Now for the push to talk.   If your radio has Computer Aided Transmission, better known as CAT, and you already have a serial or USB cable that does the trick, you’re done, if the CAT cable can operate the PTT.  You merely have to tell the software which COM port the cable is using.


If your transmitter doesn’t allow the CAT to operate the PTT, you can build your own using a small handful of components.   If your computer has a serial port, that’s great. Find or make a cable that plugs into it.  Or purchase a USB to Serial adapter cable.  I won’t bore you with how to build the PTT interface, other than to say it is triggered by the DTS and/or RTS signal on the serial port, depending on how you build it, and you utilise this signal to operate a transistor that grounds the PTT pin.   There is a lot of information on the internet on how to build this small circuit.  A simple version uses a transistor, a couple of diodes and a couple of resistors.  I’ve seen designs where this circuit is contained within the DB9 Serial Port connector.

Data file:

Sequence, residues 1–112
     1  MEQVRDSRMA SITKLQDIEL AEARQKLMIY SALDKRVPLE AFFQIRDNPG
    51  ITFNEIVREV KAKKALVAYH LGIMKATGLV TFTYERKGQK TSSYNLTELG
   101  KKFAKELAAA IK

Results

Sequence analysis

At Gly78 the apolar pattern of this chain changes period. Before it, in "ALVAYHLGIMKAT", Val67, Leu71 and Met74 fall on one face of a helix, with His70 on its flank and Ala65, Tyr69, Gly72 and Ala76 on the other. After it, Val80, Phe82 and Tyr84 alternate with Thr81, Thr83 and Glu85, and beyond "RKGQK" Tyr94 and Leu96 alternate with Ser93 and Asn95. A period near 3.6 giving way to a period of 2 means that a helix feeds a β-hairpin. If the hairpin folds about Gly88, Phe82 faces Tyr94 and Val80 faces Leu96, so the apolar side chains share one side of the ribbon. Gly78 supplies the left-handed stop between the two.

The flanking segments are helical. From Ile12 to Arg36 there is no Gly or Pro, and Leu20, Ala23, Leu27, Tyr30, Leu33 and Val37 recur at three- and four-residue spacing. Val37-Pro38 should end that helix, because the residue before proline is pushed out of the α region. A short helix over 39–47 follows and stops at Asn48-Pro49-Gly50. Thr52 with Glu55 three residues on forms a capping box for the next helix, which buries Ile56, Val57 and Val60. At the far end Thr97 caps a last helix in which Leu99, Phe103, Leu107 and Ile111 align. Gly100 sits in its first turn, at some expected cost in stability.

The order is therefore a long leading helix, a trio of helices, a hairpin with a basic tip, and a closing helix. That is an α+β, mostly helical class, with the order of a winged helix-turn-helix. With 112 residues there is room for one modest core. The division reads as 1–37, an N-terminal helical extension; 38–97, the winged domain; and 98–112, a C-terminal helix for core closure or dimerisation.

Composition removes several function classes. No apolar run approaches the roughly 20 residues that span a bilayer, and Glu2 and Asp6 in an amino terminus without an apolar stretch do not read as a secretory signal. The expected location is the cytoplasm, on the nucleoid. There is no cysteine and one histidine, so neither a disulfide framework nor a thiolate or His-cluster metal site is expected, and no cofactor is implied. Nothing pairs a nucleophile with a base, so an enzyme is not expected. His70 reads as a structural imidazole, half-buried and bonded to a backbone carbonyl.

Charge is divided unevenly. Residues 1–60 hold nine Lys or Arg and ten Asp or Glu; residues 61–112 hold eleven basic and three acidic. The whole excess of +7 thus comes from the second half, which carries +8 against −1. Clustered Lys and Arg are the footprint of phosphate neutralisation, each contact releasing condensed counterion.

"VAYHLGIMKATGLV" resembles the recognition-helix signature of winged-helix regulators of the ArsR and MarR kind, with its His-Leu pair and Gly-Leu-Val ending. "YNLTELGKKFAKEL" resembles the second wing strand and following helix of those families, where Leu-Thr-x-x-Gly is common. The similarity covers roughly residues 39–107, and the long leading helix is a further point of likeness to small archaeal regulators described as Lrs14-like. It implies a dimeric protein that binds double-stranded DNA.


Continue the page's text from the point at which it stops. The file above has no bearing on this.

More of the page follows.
A simple interface like this will allow you to use any of the so called digital modes that utilise a computer’s soundcard.   There’s a wealth of different modes out there for you to try.  Let me know how you get on.


I’m Bob VK6POP


The Radio Amateur Society of Australia


The 23rd of November 2017 saw the launch of a new Australian organisation dedicated to the
growth of our hobbyAmateur Radio and representation directly to the Australian Government
Regulator, the Australian Communications and Media Authority – The Radio Amateur Society of Australia (RASA).  In the short time since RASA’s launch, responses from around Australia have been very high.